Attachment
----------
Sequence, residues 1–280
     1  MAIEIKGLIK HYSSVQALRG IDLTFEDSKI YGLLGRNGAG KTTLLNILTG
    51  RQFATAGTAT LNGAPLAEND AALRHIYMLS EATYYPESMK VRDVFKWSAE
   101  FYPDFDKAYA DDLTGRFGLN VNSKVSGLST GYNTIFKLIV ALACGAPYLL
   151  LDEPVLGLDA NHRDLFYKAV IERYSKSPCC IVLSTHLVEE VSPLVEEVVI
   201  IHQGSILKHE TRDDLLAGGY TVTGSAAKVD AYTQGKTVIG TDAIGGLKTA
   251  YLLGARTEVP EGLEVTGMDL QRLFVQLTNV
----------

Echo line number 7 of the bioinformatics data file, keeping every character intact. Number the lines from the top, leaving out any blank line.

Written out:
   251  YLLGARTEVP EGLEVTGMDL QRLFVQLTNV